Plus assume that your data is only stored on Linux PCs and another employee's data is stored on Windows. Laptops containing that data are stolen. The Windows laptop uses BitLocker w/ a TPM and USB key to secure the data. The Linux laptop just uses Linux. I can mount the drive and use automated tools to gain access to the data on the Linux drive. I can't even read the data on the Windows drive. I can't boot the system without the key. I can't change the hardware or boot environment.

Edited 2006-09-29 22:20

Reply Score: 3

RE[2]: The REAL reason
by wirespot on Sat 30th Sep 2006 02:29 UTC in reply to "RE: The REAL reason"
wirespot Member since:
2006-06-21

There are other ways to accomplish data protection, without taking over the entire MBR and negatively impacting other OS's on the machine. What's wrong with using on-the-fly encryption and ask for the password as the OS starts? But that doesn't use DRM and doesn't control the entire machine, so what's the fun in that...

Reply Score: 1

RE[3]: The REAL reason
by n4cer on Sat 30th Sep 2006 07:39 UTC in reply to "RE[2]: The REAL reason"
n4cer Member since:
2005-07-06

If you don't control the entire machine (or more correctly, use its specific metrics), you are open to attack. Unauthorized users can use various tools to get at the data. If you rely only on a password, an attacker could probably break it via brute force means in little time. Also, since you don't secure the boot environment, the attacker could take the harddrive, put it in a different computer, and hack on it for as long as he wants.

Reply Score: 2

Edward
Member since:
2005-09-17

Is this news to anyone, all windows versions did this.

Reply Score: 1

Really, The Real Reason...
by MikeekiM on Fri 29th Sep 2006 18:37 UTC
MikeekiM
Member since:
2005-11-16

- This would require MS to hire "another" smart person to do this work, instead of shipping this job off to China. If MS were to hire another smart person every time an issue like this came up, they'd be LESS PROFITABLE!

Gees, you Opens Sourcers will Never Understand.

Reply Score: 2

Solution is /IR switch
by nedvis on Fri 29th Sep 2006 18:57 UTC
nedvis
Member since:
2006-01-02

Most people don't know there is /IR setup option switch
(at least in WIndows 98) that tells setup to not update the master boot record ( MBR).
So it shouldn't be the problem for people who have already Linux installed to install Windows 98 after Linux
being installed first.
Problem is why didn't they utilize that switch in Vista.
Anyway, Microsoft MBR practice proves Redmond people still tends to own your PC. Too bad !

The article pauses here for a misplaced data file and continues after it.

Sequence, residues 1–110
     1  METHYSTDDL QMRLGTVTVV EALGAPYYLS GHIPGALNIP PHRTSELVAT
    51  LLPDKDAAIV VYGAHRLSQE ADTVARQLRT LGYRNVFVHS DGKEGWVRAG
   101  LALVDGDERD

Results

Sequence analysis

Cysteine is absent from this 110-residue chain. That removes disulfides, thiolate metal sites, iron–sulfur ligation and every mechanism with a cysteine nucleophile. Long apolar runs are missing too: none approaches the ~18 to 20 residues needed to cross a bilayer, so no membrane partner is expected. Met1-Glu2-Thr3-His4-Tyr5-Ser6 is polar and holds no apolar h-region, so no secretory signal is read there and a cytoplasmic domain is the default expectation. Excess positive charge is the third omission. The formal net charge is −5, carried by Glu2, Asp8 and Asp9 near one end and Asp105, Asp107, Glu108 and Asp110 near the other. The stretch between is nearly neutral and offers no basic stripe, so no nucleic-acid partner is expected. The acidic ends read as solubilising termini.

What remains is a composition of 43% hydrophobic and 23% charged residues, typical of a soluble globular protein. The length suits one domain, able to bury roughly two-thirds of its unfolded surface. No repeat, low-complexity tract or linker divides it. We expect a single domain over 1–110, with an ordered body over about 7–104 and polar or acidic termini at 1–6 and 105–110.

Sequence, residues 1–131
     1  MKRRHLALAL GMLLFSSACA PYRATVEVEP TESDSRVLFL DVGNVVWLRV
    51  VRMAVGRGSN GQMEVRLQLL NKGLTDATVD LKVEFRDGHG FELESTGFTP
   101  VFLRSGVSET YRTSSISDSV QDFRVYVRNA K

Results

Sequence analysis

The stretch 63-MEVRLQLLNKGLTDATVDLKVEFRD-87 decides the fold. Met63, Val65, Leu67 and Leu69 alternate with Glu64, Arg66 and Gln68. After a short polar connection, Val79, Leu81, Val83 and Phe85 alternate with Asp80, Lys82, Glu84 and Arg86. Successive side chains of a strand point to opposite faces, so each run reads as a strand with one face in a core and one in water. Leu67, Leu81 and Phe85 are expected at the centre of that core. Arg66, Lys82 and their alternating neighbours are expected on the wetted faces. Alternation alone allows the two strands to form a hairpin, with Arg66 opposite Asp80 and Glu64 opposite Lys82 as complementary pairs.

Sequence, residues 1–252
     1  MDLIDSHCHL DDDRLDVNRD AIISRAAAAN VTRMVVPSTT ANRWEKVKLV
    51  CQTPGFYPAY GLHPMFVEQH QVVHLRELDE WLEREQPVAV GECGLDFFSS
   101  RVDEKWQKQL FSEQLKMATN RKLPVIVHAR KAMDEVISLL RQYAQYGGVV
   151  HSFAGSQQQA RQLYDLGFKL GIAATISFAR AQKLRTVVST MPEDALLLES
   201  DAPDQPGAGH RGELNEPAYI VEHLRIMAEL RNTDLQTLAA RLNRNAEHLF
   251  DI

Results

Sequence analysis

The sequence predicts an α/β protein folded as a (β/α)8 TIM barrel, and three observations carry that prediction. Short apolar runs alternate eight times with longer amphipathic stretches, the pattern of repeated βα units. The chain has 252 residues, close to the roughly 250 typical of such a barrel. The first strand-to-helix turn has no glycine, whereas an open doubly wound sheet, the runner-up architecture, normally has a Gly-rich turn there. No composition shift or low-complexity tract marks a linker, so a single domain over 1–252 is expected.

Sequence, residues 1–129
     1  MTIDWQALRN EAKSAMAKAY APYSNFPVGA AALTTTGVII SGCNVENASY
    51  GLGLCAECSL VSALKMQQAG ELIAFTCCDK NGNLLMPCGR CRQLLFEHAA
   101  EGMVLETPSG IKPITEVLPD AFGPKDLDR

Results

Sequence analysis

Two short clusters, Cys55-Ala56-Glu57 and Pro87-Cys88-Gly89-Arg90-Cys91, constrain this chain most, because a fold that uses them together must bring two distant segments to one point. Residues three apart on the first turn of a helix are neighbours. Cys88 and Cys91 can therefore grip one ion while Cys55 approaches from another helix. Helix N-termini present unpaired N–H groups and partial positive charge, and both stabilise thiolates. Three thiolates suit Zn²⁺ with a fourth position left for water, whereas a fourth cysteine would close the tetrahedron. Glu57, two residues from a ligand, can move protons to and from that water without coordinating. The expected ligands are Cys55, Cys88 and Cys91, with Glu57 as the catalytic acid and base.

Reply Score: 3

Get With the Times M$
by oxleyn on Fri 29th Sep 2006 18:58 UTC
oxleyn
Member since:
2005-10-04

Why don't MS just incorporate some form of "expert" install mode, i.e. like most Linux ditros. During such an installation the user would receive a prompt regarding any non-MS bootloaders etc. I mean it wouldn't be the first time they copied an idea now would it? ;-)

Reply Score: 3

VMARE your machine
by hoser_9 on Fri 29th Sep 2006 21:00 UTC
hoser_9
Member since:
2006-03-02

Everyone should be running vmware or something similar, Then windows can think its doing something to the MBR. With Quad Core processors people having Gigs and gigs of mem, Video cards being powerful, CPU's having Virtual Technology support built into them.. people should just run their OS's that the same time if they want. Forget the dual boot crap. Run them at the same time. Then when Vista gets a virus you can back up the Virtual Machine to a previous saved spot that did not have the virus.

Reply Score: 2

Well...
by PJBonoVox on Fri 29th Sep 2006 22:03 UTC
PJBonoVox
Member since:
2006-08-14

I've had quite a few Linux distros in the past that have hosed my boot sector, but I agree it is extremely annoying practise on behalf of MS.

It forces you to install Windows XP before any other operating systems, and that in itself is a pain.

Reply Score: 1

RE: Well...
by hal2k1 on Fri 29th Sep 2006 23:22 UTC in reply to "Well..."
hal2k1 Member since:
2005-11-11

//I've had quite a few Linux distros in the past that have hosed my boot sector, but I agree it is extremely annoying practise on behalf of MS.

It forces you to install Windows XP before any other operating systems, and that in itself is a pain.//

I have found one way to compensate for this type of bad behaviour by Microsoft OSes.

If, after you re-installed Windows, you boot a PCLinuxOS livedCD (and I'm sure some others would do as well), you can use the PCLinuxOS Control Centre to re-write the MBR. This process will cater for your older install(s) of Linux distribution(s) as well as catering for your freshly-installed Windows.

Reply Score: 1

RE[2]: Well...
by growchie on Sat 30th Sep 2006 06:48 UTC in reply to "RE: Well..."
growchie Member since:
2005-07-07

As far as i can understand it will be impossible to boot vista after overriding the mbr.

"It also argues that an “official” Vista MBR is required for security features — such as measured boot, which works with Trusted Platform Module (TPM)-enabled chips to check that the OS hasn’t been hacked or altered each time it boots — to work correctly."